Horseboy revisited

Regular readers may remember my post about when, in 1995, I emailed TV2’s late-night news programme Newsnight with a poem about Horseboy, the show’s mascot hobby horse. Marcus Lush read it out on air, making it one of the first viewer emails to be shown on New Zealand television. Or something like that.

Well, recently I had a chance to view that episode. It was pretty much how I remembered it (I’m sure I had video-recorded it and watched it a few times back in the day), and now I’ve taken a few screen shots and added it to the post.

Actually, let’s just pause for some lolz. Here’s a screen shot from that same episode of the Absolut CHOGM map – when Newsnight realised that route of the motorcade security loop in Auckland for the Commonwealth Heads of Government Meeting looked like a wonky Absolut vodka bottle:

absolutechogm

But anyway, watching that old episode of Newsnight – and a few others from late 1995 – it was really interesting to see how they treated that crazy new “internet” thing.

In another episode, Newsnight looked at Auckland art dealers Fox Gallery who had built a website to showcase their art. The interview was filmed at the physical gallery and much of the footage was of actual art on the walls, not online. (Though there were a few crappy shots of the gallery’s website, shown on crusty old Netscape.)

At the end of the story, the URL was shown on screen for interested parties to jot down. It was – steady yourself – http://www.ecentral.co.nz/fox.gallery/fox.welcome.html

Srsly. Remember when URLs used to be like that?

I just googled Fox Gallery to see if it still existed. It doesn’t seem to, but the search results brought up heaps of other Auckland galleries. These days it’s completely unremarkable for a gallery to have a website.

Now, when Fox’s 54-character URL was up on screen, Marcus Lush realised the graphic would actually need to stay up there for a while to give people a decent chance to write it down. So he ad-libbed, saying, “They say the trouble with the internet is that no one’s ever found a use for it. There’s nothing to do.”

And, yeah, that’s almost what it was like back then. There was no Trade Me, no Facebook, no Google. I’d only been online for a few months and while I was thrilled by the obvious potential of the internet, my first website will still about 8 months away and I was still trying to figure out what to do with the internet.

So now maybe the general internet has got to the stage where it’s a bit ordinary and boring; and now if you buy a handbag on Trade Me or watch an old Flaming Lips video on YouTube, people don’t think you’re a “computer whizz” and expect you to be able to fix their PC.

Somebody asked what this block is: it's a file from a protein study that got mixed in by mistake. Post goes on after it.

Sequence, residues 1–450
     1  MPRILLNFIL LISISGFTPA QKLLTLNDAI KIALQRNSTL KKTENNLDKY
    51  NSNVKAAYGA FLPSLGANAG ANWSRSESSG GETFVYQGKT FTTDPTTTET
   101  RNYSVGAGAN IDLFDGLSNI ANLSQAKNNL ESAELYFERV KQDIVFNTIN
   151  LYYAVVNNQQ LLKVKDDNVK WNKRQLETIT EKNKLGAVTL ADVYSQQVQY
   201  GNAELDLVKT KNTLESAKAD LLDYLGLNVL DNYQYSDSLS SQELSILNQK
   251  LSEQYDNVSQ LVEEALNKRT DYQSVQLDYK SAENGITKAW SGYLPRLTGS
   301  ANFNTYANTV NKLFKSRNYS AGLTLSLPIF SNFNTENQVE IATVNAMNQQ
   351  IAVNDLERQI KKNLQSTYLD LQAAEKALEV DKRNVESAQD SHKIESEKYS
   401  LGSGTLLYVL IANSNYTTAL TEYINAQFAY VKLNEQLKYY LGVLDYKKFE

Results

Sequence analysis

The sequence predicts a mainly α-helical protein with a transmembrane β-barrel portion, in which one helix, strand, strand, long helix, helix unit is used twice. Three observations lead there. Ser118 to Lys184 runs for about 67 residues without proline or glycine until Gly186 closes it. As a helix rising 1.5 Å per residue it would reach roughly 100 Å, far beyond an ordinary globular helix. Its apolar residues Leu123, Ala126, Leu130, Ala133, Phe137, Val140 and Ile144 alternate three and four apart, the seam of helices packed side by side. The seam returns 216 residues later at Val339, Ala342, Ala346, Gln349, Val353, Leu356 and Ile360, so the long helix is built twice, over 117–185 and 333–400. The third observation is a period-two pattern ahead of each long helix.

Though there are still corners of the internet that haven’t wiggled into the mainstream yet. For example, as ubiquitous as Twitter may seem, it’s still really hard to explain it to people who haven’t used it; who don’t get why you’d use it, just as 15 years ago they wouldn’t have understood why an art gallery would have a webpage.

But eventually they figure it out.

3 thoughts on “Horseboy revisited”

  1. I actually ended up getting an email from a guy who’d seen the item. He even fingered the email address (woteva that entailed) and was able to find out the name associated with that email address, so his email started with “Dear Robyn”.

  2. “I was still trying to figure out what to do with the internet.”

    It was about that time (’94 or ’95) that I started playing around with HTML, and the first things I did were mostly about transferring things from other media. For instance, the FOODWINE mailing list had cobbled together a table of vintages from around the world, and I added my own assessments of NZ vintages and put the whole thing on my web page. I also put up a whole bunch of my poetry reviews for the Poetry Society newsletter and attempted a bibliography of NZ poets. Back then, of course, it seemed very cool to take the whole “home page” thing literally, so the two areas were known as my “cellar” and “library” respectively, with the appropriate background textures. Oh, the cringe!

    “For example, as ubiquitous as Twitter may seem, it’s still really hard to explain it to people who haven’t used it”

    Twitter still seems far from ubiquitous to me, compared to Facebook. I’d say that at least half of my Facebook friends aren’t on Twitter, and Twitter still seems very much more popular among geeks (whoops I mean “tech-savvy early adopters”) than the general populace. As a simple test, ask someone what CSS stands for: if they say “Cascading Style Sheets” they’re probably on Twitter; if they say “Cansei de Ser Sexy” they’re probably on Facebook and/or MySpace.

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